Whose technology was the Internet in the first place?

Why would we think they ever let go of it?

"#DOD #USIC #NSA #DIA #CIA #DOJ #MashUp"

 
Navigating Security in the Cloud
Diya Jolly, Chief Product Officer, Okta,  12/4/2019
SOC 2s & Third-Party Assessments: How to Prevent Them from Being Used in a Data Breach Lawsuit
Beth Burgin Waller, Chair, Cybersecurity & Data Privacy Practice , Woods Rogers PLC,  12/5/2019
Register for Dark Reading Newsletters
White Papers
Video
Cartoon Contest
Write a Caption, Win a Starbucks Card! Click Here
Latest Comment: Our Endpoint Protection system is a little outdated... 
Current Issue
Navigating the Deluge of Security Data
In this Tech Digest, Dark Reading shares the experiences of some top security practitioners as they navigate volumes of security data. We examine some examples of how enterprises can cull this data to find the clues they need.
Flash Poll
Rethinking Enterprise Data Defense
Rethinking Enterprise Data Defense
Frustrated with recurring intrusions and breaches, cybersecurity professionals are questioning some of the industrys conventional wisdom. Heres a look at what theyre thinking about.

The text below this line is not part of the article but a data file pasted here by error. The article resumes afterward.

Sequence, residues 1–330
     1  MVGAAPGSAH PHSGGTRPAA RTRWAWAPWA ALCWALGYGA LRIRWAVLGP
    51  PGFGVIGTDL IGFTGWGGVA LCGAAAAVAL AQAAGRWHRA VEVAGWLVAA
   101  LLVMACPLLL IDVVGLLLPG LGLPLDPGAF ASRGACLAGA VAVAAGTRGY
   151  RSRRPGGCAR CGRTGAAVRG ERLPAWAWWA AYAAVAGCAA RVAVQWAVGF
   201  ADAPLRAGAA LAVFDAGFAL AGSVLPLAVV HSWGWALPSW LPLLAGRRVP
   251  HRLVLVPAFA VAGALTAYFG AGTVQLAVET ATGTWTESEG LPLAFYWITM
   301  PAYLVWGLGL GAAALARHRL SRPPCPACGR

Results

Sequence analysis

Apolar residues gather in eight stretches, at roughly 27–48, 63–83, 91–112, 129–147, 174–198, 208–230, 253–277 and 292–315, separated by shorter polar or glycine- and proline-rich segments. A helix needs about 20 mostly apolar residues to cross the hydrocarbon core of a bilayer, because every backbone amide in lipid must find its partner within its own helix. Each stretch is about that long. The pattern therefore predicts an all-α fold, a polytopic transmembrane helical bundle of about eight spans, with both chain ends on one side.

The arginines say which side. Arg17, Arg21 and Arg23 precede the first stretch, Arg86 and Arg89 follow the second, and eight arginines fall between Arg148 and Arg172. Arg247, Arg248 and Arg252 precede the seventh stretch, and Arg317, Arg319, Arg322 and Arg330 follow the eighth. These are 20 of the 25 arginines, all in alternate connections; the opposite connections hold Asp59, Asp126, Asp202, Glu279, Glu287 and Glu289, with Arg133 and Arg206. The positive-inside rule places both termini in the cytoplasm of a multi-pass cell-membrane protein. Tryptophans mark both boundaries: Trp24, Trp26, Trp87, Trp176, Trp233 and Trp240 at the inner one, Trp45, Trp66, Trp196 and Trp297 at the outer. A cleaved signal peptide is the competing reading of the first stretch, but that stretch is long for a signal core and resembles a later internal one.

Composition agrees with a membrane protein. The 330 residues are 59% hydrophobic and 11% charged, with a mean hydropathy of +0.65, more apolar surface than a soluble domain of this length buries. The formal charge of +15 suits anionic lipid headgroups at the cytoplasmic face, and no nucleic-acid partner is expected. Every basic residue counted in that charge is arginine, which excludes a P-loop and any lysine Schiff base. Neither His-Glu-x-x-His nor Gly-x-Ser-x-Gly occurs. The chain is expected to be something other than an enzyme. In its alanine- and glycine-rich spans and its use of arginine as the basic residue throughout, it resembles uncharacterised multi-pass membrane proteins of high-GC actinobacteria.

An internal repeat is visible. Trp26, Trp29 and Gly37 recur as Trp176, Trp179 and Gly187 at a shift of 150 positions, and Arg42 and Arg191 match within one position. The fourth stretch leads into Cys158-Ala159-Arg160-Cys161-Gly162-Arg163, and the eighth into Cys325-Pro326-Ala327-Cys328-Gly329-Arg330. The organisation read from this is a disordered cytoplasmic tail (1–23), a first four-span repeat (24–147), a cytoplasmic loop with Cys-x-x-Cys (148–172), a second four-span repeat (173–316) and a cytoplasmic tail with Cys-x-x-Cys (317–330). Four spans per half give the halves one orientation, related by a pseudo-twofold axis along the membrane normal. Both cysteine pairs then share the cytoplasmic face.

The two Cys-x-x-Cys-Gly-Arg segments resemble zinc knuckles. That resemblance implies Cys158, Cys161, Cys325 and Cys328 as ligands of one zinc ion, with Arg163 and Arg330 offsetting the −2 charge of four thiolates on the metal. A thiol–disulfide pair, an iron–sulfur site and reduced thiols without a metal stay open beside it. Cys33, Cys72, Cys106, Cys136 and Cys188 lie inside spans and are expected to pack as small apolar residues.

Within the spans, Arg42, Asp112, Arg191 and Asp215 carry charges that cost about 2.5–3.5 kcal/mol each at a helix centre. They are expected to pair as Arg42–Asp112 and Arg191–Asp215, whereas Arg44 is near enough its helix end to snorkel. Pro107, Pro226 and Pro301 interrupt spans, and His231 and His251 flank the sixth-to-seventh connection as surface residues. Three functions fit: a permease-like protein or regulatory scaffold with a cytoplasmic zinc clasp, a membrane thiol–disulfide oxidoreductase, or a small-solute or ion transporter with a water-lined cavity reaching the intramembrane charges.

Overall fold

Twitter Feed
Dark Reading - Bug Report
Bug Report
Enterprise Vulnerabilities
From DHS/US-CERT's National Vulnerability Database
CVE-2019-4095
PUBLISHED: 2019-12-10
IBM Cloud Pak System 2.3 is vulnerable to cross-site request forgery which could allow an attacker to execute malicious and unauthorized actions transmitted from a user that the website trusts. IBM X-Force ID: 158015.
CVE-2019-4244
PUBLISHED: 2019-12-10
IBM SmartCloud Analytics 1.3.1 through 1.3.5 could allow a remote attacker to gain unauthorized information and unrestricted control over Zookeeper installations due to missing authentication. IBM X-Force ID: 159518.
CVE-2019-4521
PUBLISHED: 2019-12-10
Platform System Manager in IBM Cloud Pak System 2.3 is potentially vulnerable to CVS Injection. A remote attacker could execute arbitrary commands on the system, caused by improper validation of csv file contents. IBM X-Force ID: 165179.
CVE-2019-4663
PUBLISHED: 2019-12-10
IBM WebSphere Application Server - Liberty is vulnerable to cross-site scripting. This vulnerability allows users to embed arbitrary JavaScript code in the Web UI thus altering the intended functionality potentially leading to credentials disclosure within a trusted session. IBM X-Force ID: 171245...
CVE-2019-19251
PUBLISHED: 2019-12-10
The Last.fm desktop app (Last.fm Scrobbler) through 2.1.39 on macOS makes HTTP requests that include an API key without the use of SSL/TLS. Although there is an Enable SSL option, it is disabled by default, and cleartext requests are made as soon as the app starts.